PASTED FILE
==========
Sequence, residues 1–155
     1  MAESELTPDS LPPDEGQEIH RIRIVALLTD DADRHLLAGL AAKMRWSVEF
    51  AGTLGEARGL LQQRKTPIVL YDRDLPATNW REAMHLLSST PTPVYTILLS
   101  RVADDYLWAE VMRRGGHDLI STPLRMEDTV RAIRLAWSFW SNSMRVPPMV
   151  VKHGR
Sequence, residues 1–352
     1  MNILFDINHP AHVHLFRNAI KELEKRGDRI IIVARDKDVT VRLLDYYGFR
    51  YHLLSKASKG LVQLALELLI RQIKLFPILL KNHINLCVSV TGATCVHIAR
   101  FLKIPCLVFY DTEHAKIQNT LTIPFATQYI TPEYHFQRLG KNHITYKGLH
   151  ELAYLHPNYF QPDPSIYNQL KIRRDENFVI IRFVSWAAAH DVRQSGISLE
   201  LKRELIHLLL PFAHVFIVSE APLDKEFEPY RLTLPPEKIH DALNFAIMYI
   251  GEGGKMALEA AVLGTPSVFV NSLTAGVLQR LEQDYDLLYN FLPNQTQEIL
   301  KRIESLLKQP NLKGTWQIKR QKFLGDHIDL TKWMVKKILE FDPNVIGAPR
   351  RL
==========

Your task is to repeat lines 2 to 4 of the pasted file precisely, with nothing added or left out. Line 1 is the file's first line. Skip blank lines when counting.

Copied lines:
     1  MAESELTPDS LPPDEGQEIH RIRIVALLTD DADRHLLAGL AAKMRWSVEF
    51  AGTLGEARGL LQQRKTPIVL YDRDLPATNW REAMHLLSST PTPVYTILLS
   101  RVADDYLWAE VMRRGGHDLI STPLRMEDTV RAIRLAWSFW SNSMRVPPMV